Why Building Trust Is a “Must Have” Marketing Goal

Direct mail and email are for selling things, right? But what about building trust? While many marketers may not think about it, trust should be one of your top marketing goals. To understand why let’s look at the example of Morningstar.

Morningstar is a financial services company that serves both seasoned and new investors. If you do an online search for “investment,” you’ll get a veritable “who’s who” of financial services firms. How does Morningstar stand out? By using unique content. Morningstar knows that investing is scary to many people.  When you’re new to investing, a list of products, services, and fees isn’t beneficial. It can deepen fear about making a mistake. So the company decided to build its reputation based on trust instead.

Through various channels, Morningstar invests in content such as charts and graphs, articles about saving and investing, “how-to” blog posts, and videos from industry experts. Instead of merely telling potential investors what a mutual fund is, for example, it advises them on the best ones to research. Everything about what the company does is designed to build confidence and give investors a peek behind the curtain. This builds trust, and in a world as foreign and intimidating as investing is to many people, trust is everything.

How does trust factor into your product or service categories? Whether through direct mail, email, or on your website, what type of content would develop trust with your customers? What are their fears and concerns? What kind of content would answer their questions and set their fears to rest?

Trust helps to build the type of relationships that are less price-sensitive, more resilient from the lure of competitors, and weather uncertain times. Using drip-marketing campaigns via direct mail and email to feed your customers content that educates and guides is a huge part of building that trust.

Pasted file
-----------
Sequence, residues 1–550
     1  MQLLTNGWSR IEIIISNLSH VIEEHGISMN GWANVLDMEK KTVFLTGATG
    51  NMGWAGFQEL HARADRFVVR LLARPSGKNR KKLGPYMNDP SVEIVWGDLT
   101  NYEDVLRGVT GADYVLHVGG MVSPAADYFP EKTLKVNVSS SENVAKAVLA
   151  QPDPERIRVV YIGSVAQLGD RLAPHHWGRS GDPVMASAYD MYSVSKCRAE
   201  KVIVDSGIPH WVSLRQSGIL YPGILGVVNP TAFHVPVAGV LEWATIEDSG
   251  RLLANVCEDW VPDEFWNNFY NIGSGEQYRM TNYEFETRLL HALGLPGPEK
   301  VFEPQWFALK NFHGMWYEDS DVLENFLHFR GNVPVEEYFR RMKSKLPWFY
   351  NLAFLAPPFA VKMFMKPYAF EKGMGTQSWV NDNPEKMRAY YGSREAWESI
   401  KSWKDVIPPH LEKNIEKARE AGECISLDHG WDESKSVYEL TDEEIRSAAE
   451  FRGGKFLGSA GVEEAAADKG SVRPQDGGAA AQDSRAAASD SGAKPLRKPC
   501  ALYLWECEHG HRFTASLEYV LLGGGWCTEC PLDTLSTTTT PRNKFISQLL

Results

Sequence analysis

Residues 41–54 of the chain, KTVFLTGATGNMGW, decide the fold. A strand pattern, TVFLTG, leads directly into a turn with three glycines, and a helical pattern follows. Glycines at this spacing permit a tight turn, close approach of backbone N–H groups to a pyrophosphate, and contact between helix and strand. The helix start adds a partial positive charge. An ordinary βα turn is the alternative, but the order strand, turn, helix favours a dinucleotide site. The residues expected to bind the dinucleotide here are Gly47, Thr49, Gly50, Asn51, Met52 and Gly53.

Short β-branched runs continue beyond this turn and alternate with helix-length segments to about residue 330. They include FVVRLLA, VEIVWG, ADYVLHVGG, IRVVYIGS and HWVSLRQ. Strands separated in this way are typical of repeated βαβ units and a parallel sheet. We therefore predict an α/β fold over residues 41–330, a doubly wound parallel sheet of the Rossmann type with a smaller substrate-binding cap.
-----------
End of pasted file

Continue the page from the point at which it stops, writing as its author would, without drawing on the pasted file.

How can we help?

Note: Background on Morningstar drawn from “‘Content Is Our Business’: What Morningstar’s Homepage Can Teach Financial Marketers” (Contently.com)

What Do Your Design’s Colors Say About You?

Did you know that 62% to 90% of our opinions about products, brands, and even our clothing, are based on color? This means that when your target audience first sets eyes on a piece of direct mail or marketing collateral, the very first impression likely isn’t created by the headline, call to action, or the offer. It’s the colors you use.

Despite the amount of time psychologists spend studying the impact of color on our moods, shopping behavior, and response to environmental stimuli, there is limited consensus on what different colors mean to different people. However, certain conventions still hold true.

For example, here in the United States:

  • Blue = Trust / Security
  • Red = Danger / Love
  • Orange = Cheap
  • Black = Quality / Luxury
  • Green = Wealth / Environmental Friendliness

But these are conventions. Not every consumer will respond to color the same way, and colors can be perceived differently in various vertical markets.

Color will also be perceived differently in different cultures. For example, in India, red can represent power, purity, and fertility. In South Africa, it is associated with violence and mourning. In the United States, yellow is associated with youth and fun. In France, it signifies jealously, betrayal, and weakness.

How can you be sure that the colors you use are sending the right messages?

1. Identify the underlying message you want to portray. Is it financial security? Adventure and freedom? Enhancement of self-image?

2. Know your target market. Understand not only the demographic make-up of your audience, but the cultural and ethnic one, as well. Then identify how color is perceived in those markets.

3. Get feedback. Especially if you’re doing a major roll-out, such as a new logo or new template for direct mail or marketing collateral, conduct focus groups. Ask about perception of all elements of the campaign, including the colors you use.

If you are unsure about how certain colors may be perceived or which may be most effective for different customer groups, test them. Pay attention to the sub-trends that may only show up in sub-demographics, such as ethnicity, gender, and geographic location. Color is a powerful tool in attracting and engaging audiences, but one size may not fit all.

Want Better Comprehension? Format It!

Are you getting ready to send your next direct marketing campaign? Whether you are preparing to send a postcard or an email, three simple formatting techniques can make your content easier to read, comprehend, and remember. Even if you’re not a writing whiz, these techniques are easy to implement, too. Every marketer can do it.

  1. Use white space. Whether you have a lot of space or a little, it’s tempting to fill up that space with as much text and as many images as possible. Don’t! Crowded areas are hard to read. Give your content some breathing room. Less crowded designs are more pleasing to the eye and get the point across more quickly.

  2. Organize using bullets. Bullet points are one of the most effective ways to communicate information, and people love them. Why? They accomplish a variety of goals:
  • They are easy to read.
  • They summarize points quickly.
  • They require minimal effort for comprehension.